Puzzle Girl

I wish I were a quilter, or a knitter, or a sewer. Then I might have something concrete to show for hours of relaxing activity. But alas, my favourite mindless* recreation is jigsaw puzzles.

Oh how I love a good puzzle! One of the best things about our recent renovation was that it gave us the space to set up a jigsaw puzzle table without tripping over it constantly. I couldn't believe my luck when we found perfectly nice 1000 piece puzzles on sale at Woolies for $1.60 -- we bought three. (Though it seems sort of wicked that they could possibly be that cheap.)

I think the reason I enjoy jigsaws so much is that they engage parts of my brain that are otherwise sadly neglected (ie the visual parts!) and let the parts of my brain that are over-active (ie the verbal parts) switch off. Picking out the corners and edge bits; sorting through the pieces for flashes of white; scanning for patterns and colours that might go together -- it's all extremely restful, wordless, meditative. My mind clicks into a different gear; I become an observer, not a commentator. My actions are simple, slight and immediately satisfying: notice a similarity, pick up a piece, try it in the gap. Yes, it fits; or no, reject. Next piece. I'm very methodical; that's part of the zen.

And at the end, you get a lovely picture! Admire it for a couple of days, then sweep it back into the box for next time.

Sometimes I think that writing a novel is a bit like doing a jigsaw, too. You have to juggle things around, look at them from different angles, try a bit here and a bit there, discard and try again. Sometimes you force a piece into what seems like the right place, then you realise it actually belongs on the other side of the picture. And it's only right at the end of the process that it all makes sense. The key is to relax, and let your unconscious mind skim across the problem. The answer is there somewhere, and sooner or later, you'll find it.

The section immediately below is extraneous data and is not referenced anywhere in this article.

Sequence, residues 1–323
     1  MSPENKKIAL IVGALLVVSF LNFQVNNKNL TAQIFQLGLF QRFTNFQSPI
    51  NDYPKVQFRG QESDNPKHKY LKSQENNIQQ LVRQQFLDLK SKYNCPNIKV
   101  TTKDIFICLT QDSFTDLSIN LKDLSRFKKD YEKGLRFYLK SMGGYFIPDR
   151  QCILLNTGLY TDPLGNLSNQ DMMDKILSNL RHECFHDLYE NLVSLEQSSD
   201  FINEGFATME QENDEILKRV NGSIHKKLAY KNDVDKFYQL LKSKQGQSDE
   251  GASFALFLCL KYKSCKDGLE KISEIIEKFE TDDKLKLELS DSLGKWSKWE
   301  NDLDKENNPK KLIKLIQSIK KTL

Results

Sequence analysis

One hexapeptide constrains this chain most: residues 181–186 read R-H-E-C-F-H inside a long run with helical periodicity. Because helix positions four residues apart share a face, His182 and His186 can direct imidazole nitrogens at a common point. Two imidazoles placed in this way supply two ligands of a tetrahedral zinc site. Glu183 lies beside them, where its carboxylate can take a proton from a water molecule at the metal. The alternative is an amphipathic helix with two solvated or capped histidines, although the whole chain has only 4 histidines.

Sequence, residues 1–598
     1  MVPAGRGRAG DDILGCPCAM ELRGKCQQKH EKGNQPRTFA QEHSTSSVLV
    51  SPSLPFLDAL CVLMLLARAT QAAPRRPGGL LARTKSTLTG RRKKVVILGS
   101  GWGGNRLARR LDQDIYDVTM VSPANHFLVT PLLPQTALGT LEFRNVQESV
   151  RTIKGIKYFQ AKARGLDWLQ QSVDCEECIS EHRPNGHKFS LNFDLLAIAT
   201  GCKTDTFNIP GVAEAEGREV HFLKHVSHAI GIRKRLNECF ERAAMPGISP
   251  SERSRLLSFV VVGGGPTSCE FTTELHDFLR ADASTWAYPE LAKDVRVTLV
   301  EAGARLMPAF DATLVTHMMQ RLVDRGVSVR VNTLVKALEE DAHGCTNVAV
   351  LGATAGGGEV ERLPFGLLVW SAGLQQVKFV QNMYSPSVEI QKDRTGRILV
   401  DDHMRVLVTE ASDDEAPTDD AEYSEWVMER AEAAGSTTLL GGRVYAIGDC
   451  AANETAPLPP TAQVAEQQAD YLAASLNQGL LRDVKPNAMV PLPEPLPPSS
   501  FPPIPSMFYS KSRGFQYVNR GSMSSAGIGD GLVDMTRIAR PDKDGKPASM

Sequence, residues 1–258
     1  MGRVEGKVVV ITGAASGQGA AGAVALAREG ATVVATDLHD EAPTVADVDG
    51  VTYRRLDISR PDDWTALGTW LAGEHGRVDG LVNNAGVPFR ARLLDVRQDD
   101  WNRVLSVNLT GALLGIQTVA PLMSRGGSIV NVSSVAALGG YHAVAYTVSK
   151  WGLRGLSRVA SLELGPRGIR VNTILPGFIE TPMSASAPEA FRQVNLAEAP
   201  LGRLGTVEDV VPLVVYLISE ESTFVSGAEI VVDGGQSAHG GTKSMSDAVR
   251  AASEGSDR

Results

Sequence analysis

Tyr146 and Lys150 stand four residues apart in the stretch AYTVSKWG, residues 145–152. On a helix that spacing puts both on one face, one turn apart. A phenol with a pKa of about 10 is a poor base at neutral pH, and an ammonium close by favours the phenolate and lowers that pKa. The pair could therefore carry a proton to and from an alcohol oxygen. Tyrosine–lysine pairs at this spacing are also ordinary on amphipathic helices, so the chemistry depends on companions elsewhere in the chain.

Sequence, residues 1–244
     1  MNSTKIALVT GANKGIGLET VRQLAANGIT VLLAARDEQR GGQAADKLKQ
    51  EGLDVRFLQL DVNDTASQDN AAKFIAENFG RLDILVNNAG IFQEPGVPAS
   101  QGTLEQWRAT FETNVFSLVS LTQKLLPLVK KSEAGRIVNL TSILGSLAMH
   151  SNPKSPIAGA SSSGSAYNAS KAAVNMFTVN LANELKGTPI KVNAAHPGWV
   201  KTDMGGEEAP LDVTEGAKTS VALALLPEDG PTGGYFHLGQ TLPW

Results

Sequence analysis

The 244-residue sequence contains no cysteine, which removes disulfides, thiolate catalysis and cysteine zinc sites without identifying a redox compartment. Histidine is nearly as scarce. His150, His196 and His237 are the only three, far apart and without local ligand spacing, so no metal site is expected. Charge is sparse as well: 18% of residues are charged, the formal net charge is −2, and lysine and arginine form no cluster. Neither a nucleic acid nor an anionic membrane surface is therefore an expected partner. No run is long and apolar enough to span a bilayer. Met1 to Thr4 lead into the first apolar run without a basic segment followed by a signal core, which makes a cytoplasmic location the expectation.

* Of course quilting, knitting and other such creative pursuits are far from mindless. Perhaps that's the problem... for me.


Because We Love Horrible Histories Waaay Too Much In Our House

So this morning, when we should have been rushing around getting ready for school, we wasted a good fifteen minutes debating the merits of our own personal Top 10 Horrible Histories song lists.

Here are MY favourites, in ascending order:

10. Civil War song (based on West Side Story)

9. Cleopatra (a la Lady Gaga)

8. Pilgrim Rap (with thanks to Empire State of Mind - which I'd never heard of before this song, and I'm afraid to say I greatly prefer the HH version)

7. Boudicca  ('No man, Roman, don't push around this wo-man!')

6. Suffragettes (after Bananarama; Horrible Histories really needs to put out a Just Dance disc)

5. Literally (Watch out, it's the Vikings! Or is it Guns'n'Roses? 'We're tearing up this town tonight - literally!')

4. Charles II (The King who brought back partying! Mat Baynton looks adorable in a long wig. Yeah, okay, I admit it, I have a tiny crush on Mat)